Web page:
When it comes to recruitment, there is a set of processes in place to ensure that both the employee and the employer feel ready and happy to start a new job or hire a new staff member. A good recruiter will work diligently with both sides to make sure this happens, but the actual length of the process will vary from client to client.
Many prospective employees are impatient, and for good reason: they want to start a new job and dig right in. But, on the other end, employers are usually just as impatient, hoping to fill a gap in their team and start working towards a goal with a fresh set of eyes. While both ends of the spectrum hope for a speedy recruitment process, it’s not always the case. We spoke with expert recruiters from The Goodkind Group to truly understand how long the recruitment process takes.
Things Can Hold It Up
“I have seen the process happen as quickly as just a couple of weeks, where the biggest hold up is reference checks and background checks,” says Pam of The Goodkind Group. “There are so many moving parts, I’ve even worked on jobs where it has taken up to six months or more just based on the candidate flow, the detailed process, or based on the person and how many people the candidate has to meet with in the firm.”
Only Giving an Employer Top Candidates
“For the most part, we try to weed out from the beginning because we don’t want to waste the client or the candidates time if we don’t think it’s a good fit,” adds Pam. “We know our clients really well so trust is a big factor, they will trust us if we send them a candidate who may not be the best fit on paper, but could grow into the position or be a great cultural fit; I’ve seen situations like that work out more often than not. We also prescreen, which is a huge benefit for the client.”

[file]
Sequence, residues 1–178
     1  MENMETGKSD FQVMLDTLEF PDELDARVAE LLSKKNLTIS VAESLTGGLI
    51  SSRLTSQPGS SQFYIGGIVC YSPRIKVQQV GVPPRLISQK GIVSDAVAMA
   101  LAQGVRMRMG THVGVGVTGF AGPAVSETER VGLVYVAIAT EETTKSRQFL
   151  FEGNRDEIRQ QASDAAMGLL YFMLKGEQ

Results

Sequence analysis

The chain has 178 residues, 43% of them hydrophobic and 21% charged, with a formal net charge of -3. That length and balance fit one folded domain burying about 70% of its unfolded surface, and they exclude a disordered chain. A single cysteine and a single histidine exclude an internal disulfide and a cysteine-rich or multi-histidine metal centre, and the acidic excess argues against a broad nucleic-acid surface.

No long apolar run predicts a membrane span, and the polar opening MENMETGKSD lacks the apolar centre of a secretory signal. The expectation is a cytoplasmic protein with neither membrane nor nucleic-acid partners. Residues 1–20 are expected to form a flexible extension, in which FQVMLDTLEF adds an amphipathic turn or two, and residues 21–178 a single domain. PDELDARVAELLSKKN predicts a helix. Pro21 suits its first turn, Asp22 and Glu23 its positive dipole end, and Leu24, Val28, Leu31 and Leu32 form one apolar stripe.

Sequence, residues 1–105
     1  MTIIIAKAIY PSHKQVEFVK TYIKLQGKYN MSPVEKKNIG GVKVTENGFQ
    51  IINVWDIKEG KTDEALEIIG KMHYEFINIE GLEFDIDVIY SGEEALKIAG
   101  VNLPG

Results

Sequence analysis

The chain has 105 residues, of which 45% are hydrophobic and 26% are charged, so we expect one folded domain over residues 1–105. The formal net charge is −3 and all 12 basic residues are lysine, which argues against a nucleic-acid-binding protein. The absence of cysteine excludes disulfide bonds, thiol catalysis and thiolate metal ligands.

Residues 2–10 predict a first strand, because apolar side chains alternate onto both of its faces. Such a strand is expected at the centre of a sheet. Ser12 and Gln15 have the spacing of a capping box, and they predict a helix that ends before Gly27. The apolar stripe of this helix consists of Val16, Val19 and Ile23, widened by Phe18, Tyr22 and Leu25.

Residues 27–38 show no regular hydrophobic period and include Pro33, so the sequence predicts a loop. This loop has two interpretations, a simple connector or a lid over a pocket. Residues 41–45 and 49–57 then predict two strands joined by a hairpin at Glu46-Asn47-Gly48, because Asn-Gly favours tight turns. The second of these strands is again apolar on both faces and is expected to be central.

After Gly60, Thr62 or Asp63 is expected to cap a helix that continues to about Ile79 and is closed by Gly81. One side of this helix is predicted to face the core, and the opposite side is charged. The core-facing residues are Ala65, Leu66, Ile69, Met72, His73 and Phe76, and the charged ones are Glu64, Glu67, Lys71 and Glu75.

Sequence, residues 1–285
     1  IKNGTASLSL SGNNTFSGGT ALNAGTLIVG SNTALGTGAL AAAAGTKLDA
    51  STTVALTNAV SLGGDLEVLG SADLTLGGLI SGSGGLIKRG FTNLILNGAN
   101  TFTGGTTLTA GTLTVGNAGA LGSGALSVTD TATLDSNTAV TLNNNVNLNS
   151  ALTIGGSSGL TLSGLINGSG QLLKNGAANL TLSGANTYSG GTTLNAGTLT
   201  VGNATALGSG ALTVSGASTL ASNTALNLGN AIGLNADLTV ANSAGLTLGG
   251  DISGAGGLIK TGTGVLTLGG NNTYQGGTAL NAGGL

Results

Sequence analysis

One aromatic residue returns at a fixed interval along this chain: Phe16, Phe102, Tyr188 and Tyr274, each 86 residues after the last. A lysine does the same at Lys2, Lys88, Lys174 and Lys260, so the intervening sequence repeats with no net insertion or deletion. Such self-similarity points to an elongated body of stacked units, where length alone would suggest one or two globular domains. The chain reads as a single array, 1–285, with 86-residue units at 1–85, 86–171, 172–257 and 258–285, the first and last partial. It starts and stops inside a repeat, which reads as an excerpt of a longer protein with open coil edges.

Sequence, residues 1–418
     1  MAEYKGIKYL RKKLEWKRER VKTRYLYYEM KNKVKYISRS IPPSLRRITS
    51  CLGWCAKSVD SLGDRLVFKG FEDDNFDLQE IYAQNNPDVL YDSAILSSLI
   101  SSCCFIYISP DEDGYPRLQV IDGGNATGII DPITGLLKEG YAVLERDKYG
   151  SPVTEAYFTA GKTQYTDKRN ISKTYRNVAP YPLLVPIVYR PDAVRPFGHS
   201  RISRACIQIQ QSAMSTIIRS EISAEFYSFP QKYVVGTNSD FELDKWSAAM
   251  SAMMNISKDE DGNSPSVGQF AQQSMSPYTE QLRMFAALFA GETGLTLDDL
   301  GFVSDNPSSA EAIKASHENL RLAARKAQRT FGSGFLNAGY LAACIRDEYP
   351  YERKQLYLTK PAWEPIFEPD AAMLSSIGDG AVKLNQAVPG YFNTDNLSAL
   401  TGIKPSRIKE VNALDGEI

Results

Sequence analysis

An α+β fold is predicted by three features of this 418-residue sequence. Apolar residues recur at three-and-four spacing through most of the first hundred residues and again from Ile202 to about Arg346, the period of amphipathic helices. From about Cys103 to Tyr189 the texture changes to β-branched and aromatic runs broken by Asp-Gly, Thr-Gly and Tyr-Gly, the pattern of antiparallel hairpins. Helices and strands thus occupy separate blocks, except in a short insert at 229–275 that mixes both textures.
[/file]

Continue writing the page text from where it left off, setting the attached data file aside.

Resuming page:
It’s Case Specific
“I had an evaluation role that I was pushing one of my candidates for and he had three interviews but, ultimately, they decided to bring in a guy from a month ago,” says Rob of The Goodkind Group. “Some jobs move quick and hire quickly, but usually jobs that deal a bit more with pedigree take longer. On average, you want to have a turnaround in a couple of days to a week, but there are some jobs that fall out of that norm.”
A Lot Depends on the recruiter
“A good recruiter should start sending candidates a few days after receiving the job,” adds Rob. “If you work with a client, you have to know their culture so you have to figure out what they want for their firm. You could have a manager who is really hard to work with, causing the executive assistant position to be open for six months, while a higher level job could fill in a week. You have to dig in and see what they really need and want in that specific role.”
If you are looking for a new job, or a company looking to hire new employees, contact the recruitment specialists at The Goodkind Group. You can reach us at 212-378-0700 or visit our website to learn more about our services.